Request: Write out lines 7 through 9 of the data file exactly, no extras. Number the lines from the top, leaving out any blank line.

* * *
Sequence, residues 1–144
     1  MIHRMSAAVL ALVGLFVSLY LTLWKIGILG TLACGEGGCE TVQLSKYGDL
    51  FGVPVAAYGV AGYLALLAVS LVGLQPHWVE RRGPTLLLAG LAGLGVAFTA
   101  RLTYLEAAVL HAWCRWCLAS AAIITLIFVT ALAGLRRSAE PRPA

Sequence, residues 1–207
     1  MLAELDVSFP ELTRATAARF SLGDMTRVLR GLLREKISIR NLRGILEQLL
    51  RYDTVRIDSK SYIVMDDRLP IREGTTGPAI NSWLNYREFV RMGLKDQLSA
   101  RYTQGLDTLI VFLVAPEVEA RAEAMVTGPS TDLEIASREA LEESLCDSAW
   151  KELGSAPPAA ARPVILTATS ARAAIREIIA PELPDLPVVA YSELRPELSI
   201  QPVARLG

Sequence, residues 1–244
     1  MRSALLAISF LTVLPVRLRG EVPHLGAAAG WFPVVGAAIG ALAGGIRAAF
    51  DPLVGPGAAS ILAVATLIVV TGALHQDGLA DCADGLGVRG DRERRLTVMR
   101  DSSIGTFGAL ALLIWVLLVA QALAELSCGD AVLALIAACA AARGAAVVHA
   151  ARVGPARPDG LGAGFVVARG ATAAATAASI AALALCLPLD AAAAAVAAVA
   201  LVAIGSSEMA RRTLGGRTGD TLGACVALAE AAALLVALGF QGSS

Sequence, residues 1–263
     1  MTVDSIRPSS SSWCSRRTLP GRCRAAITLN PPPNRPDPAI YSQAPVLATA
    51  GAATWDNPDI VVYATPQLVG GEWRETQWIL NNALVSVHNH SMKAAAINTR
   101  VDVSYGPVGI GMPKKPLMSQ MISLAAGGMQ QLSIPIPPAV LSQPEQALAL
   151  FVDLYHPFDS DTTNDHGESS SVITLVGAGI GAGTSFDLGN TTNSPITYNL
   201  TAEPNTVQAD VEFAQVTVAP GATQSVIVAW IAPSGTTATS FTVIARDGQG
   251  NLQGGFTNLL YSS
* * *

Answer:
    51  RYDTVRIDSK SYIVMDDRLP IREGTTGPAI NSWLNYREFV RMGLKDQLSA
   101  RYTQGLDTLI VFLVAPEVEA RAEAMVTGPS TDLEIASREA LEESLCDSAW
   151  KELGSAPPAA ARPVILTATS ARAAIREIIA PELPDLPVVA YSELRPELSI